Author David Lazarus chronicles that Tickle, one of the leading social networking sites, has stated in its privacy policy that it "will never disclose your personal information to any third party unless you expressly tell us to." Yet Lazarus points out that Tickle is considering outsourcing its customer service function to a business located in the Phillippines.

Interestingly, Tickle does not think that such an arrangement would violate its privacy policy. "They're within our system," answered James Currier, Tickle's founder and chief executive officer. "They'd be under contract to us." As a result, Lazarus continues reporting, Tickle would not consider the Phillippine firm to be a third party.

Lazarus points out that this sort of arrangement is not unique to Tickle, but also notes correctly that it is very difficult for businesses to balance customer privacy with their desire -- and possible need -- to leverage customers' personal information into capital and profit. "The outsourcing of U.S. consumers' personal information is a widespread and growing trend, but it's also one that's transpiring largely behind consumers' backs," he writes. "Like most companies, Tickle wants it both ways. It seeks the competitive and economic advantages of exporting operations -- and consequently access to customers' data -- to cheaper workers abroad. At the same time, it keenly wants customers to believe that their privacy is a paramount concern."

David Lazarus. Sending More Info Abroad. San Francisco Chronicle. March 5, 2004.

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March 15, 2004

Hunting Google

"Analysts have already forecast a protracted and difficult battle among Google and Net titans Yahoo and Microsoft, which have both carved out Web search as a key piece of their businesses.

"Below the radar, Google also faces Lilliputian threats from a fast-growing group of start-ups that hope to replicate its own meteoric rise from unknown upstart to Internet powerbroker. While most of these companies are long shots, a handful have begun to garner attention from analysts and investors thanks to new technologies that expand on Google's formula and take it in entirely new directions."

Stefanie Olsen. Search Upstarts Storm Google's Gates. News.com. March 11, 2004.

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Redmond's Inner Circle

Lest you think that Microsoft is outside the social software wave, News.com reports that the software giant has plans to implement these tools into new versions of its Office software suite and its new operating system, code named Longhorn.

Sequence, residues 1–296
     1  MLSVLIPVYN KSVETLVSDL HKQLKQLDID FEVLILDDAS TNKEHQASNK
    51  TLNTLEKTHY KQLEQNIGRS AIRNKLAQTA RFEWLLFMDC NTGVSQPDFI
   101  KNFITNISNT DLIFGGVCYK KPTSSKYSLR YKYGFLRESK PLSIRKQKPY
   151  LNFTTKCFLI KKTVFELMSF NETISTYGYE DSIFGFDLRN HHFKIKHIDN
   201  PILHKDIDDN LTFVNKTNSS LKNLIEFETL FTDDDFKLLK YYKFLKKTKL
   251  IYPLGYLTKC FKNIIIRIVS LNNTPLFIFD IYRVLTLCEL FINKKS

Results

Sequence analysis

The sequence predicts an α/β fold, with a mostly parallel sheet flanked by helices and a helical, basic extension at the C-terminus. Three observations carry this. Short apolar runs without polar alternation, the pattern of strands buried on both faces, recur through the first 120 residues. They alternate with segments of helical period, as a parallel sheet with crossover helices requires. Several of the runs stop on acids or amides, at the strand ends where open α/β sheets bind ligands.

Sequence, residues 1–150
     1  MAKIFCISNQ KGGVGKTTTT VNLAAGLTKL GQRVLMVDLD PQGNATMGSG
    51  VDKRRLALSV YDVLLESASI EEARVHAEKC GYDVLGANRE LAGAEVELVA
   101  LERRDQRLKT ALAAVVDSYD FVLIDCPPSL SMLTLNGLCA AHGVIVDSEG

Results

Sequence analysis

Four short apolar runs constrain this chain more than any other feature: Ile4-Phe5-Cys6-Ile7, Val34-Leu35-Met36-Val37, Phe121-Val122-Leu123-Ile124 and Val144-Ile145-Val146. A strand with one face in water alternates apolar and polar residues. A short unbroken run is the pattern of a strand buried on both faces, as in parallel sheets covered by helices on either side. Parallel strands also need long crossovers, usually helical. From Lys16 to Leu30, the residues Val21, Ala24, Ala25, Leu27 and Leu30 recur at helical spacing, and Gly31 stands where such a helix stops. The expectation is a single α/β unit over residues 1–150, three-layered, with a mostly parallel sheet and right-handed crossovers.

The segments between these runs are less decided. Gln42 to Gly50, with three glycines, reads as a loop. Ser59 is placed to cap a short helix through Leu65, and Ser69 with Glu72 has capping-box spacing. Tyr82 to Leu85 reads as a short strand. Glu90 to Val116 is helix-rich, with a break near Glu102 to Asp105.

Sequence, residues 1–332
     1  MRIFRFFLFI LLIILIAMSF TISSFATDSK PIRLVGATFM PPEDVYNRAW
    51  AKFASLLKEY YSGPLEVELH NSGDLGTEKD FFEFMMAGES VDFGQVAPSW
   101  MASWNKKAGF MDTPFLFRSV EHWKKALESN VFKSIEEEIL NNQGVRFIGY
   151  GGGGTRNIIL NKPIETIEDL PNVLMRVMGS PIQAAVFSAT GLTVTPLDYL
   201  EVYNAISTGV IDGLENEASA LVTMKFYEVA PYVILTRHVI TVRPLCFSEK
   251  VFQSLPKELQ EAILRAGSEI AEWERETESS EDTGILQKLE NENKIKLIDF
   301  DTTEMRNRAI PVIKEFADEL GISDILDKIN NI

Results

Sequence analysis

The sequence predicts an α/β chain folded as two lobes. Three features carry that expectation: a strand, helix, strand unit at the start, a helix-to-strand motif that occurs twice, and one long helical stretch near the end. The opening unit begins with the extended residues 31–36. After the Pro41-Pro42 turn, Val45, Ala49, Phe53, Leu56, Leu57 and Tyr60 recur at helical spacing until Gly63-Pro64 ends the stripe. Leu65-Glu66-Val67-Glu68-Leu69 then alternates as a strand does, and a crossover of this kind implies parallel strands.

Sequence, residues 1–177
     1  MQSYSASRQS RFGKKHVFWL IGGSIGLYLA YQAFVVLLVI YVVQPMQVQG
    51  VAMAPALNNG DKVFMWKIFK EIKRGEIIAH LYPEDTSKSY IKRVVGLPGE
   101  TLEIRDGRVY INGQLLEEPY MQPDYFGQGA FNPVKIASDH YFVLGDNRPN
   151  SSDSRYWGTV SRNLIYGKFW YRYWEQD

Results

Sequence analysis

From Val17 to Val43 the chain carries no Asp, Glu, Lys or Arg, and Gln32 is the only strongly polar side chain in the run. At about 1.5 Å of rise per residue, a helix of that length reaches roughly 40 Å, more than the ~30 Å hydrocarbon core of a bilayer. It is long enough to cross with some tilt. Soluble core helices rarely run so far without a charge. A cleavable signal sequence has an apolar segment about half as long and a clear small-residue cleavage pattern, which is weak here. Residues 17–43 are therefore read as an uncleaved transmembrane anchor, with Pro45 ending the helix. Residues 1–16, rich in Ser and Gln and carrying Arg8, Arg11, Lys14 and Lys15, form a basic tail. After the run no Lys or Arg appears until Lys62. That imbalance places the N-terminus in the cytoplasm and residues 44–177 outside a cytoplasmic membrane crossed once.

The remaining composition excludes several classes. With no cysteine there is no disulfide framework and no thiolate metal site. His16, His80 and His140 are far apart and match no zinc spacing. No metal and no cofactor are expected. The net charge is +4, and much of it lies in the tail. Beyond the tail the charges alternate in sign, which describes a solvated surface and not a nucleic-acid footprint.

According to Lili Cheng, group manager of the social-computing group within Microsoft Research, Inner Circle is one answer to the problems that occurs when software enhances, rather than hinders, persons' social lives. Inner Circle, which News.com calls "not really a breakthrough in computer science as much as it is an exercise in cultural anthropology," automatically maintains and updates a list of about 20 people with whom one is e-mailing and instant messaging the most.

Ina Fried. Microsoft Wants to Know Who Your Friends Are. News.com. March 4, 2004.

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March 14, 2004

Rock the Vote Goes Mobile

"Rock the Mobile Vote, in partnership with phone maker Motorola, plans to offer information on candidates' stances on issues. Users also could request voter-registration forms. And the service will offer a candidate matchmaker quick quiz, which asks users for their opinions on major issues and tells them the candidate most in tune with them. Users also would be able to query their phone to find their polling place on Election Day. And, bringing MTV's influence to bear, Rock the Mobile Vote will be calling participants with get-out-the-vote pleas recorded by rock stars."

Daniel Terdiman. Cell Phones to Democracy's Rescue. Wired.com. March 11, 2004.

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IM, Meet CM

News.com reports on a new trend in content management: the preservation and cataloging of previously ignored documents.